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Reflecting on the emerging strategy debate in the degrowth movement

This piece will close the ten-part degrowth.info series on strategy, highlighting some of the key insights and charting the development of the strategy debate within degrowth. We will then offer some insights on how our own understanding of strategy and degrowth has changed over the last two years since we first urged the community to engage with this topic more. Finally, we will consider the promising idea of a Degrowth International and offer some potential pathways forward for the degrowth movement.

The blog series on the role of strategy in the degrowth movement was sparked by an initial piece authored by some of us who discussed the topic in 2018 at the degrowth summer school in Barcelona. We were frustrated with the lack of serious consideration in the degrowth movement of the how questionOur thoughts were influenced by critiques from scholars such as Blühdorn, which argued that degrowth did not adequately consider why transformation has not happened so far (and why it seems unlikely to soon). Thus, the title of our original piece which sparked this series attempted to highlight this gap in degrowth thinking: Beyond Visions and Projects: the need for a debate on strategy in the degrowth movement.

We argued that degrowth had an excellent analysis of multi-dimensional crisis and was able to offer a desirable utopian alternative, but had been unable to coherently articulate a strategy (or strategies) for bringing this into reality. Furthermore, we argued that there were lingering contradictions and tensions within the degrowth movement in regards to perspectives on transformation, which was one of the reasons this question had been avoided; it risked fracturing the movement.

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From Degrowth to De-Globalization

The rise of far-right globalization criticism requires a new role for the Degrowth movement. ‘Progressive De-Globalization‘ could be the counter-project that is urgently needed.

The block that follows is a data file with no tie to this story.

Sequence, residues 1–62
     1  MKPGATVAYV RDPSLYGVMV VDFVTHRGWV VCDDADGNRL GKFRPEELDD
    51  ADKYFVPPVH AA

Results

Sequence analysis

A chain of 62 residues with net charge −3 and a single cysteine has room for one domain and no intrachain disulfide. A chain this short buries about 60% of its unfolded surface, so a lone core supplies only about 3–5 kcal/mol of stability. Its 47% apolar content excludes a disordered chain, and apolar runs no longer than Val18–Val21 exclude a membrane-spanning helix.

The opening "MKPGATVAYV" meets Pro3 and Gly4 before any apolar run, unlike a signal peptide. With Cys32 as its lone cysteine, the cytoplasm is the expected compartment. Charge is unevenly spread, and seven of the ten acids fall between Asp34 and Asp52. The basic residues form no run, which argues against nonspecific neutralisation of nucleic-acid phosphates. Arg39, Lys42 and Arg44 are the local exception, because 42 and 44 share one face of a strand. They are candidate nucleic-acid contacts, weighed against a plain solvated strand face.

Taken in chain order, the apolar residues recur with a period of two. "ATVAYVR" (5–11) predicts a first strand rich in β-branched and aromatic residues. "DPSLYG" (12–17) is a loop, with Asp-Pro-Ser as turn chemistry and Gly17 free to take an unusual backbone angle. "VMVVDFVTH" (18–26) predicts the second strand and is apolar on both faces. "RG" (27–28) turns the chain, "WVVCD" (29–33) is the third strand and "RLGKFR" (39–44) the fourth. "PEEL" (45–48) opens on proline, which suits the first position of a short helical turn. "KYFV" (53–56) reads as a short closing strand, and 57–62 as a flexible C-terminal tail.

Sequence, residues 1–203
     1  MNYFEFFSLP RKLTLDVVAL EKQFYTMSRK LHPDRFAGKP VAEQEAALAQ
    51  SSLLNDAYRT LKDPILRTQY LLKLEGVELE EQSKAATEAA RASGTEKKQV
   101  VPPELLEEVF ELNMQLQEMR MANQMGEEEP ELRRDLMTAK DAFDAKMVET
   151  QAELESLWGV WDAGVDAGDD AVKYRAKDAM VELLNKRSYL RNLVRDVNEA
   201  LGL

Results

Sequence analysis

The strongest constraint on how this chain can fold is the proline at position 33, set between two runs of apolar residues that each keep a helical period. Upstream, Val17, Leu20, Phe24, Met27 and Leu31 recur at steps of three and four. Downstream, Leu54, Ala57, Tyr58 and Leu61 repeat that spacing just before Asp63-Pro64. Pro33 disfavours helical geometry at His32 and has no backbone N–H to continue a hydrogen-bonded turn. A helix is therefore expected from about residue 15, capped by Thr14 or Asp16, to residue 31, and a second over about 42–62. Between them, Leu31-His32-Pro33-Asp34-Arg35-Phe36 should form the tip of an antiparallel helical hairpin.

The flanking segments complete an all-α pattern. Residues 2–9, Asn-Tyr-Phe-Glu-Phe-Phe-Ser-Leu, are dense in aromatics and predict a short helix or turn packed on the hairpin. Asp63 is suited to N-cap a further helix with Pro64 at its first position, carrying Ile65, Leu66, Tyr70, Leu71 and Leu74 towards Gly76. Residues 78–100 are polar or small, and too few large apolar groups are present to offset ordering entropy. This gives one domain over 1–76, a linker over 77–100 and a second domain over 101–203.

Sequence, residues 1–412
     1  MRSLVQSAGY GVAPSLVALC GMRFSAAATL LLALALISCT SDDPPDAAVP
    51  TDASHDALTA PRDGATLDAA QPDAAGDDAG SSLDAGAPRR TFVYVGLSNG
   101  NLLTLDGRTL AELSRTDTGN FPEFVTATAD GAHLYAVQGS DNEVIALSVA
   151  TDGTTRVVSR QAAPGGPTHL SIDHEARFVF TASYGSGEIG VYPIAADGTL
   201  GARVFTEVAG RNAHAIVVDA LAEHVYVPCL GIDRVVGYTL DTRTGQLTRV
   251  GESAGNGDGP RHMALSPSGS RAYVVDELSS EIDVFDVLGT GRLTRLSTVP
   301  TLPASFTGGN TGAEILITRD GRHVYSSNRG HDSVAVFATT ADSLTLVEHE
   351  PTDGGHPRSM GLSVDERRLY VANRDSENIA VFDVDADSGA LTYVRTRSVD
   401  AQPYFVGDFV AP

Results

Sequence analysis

After the German and Austrian elections, it becomes clear once more that the rise of the new far-right is not a temporary phenomenon. Neither the difficult Brexit negotiations nor the missteps of Donald Trump are stopping new nationalism’s upward trend, as one could have hoped. Consequently, Yannis Varoufakis [1] diagnosed the long-term emergence of a nationalist international: nationalist and far-right authoritarian leaders, parties, movements, NGOs and media that are gaining ground and interconnect on a global scale. They bring about what left-wing mass movements and parties were not able or willing to do in the ten years since the financial crisis: they formulate an alternative to the discredited ideology of neo-liberalism. A strong narrative of national empowerment, paired with religious, racist, anti-feminist and anti-ecological resentments is becoming a serious challenger of neoliberalism’s TINA principle (“There Is No Alternative”). Although the new far-right questions only some aspects of neoliberal economic policy and radicalizes it in other aspects, it nevertheless acts as an ideological countermovement to the neoliberal and post-democratic political model.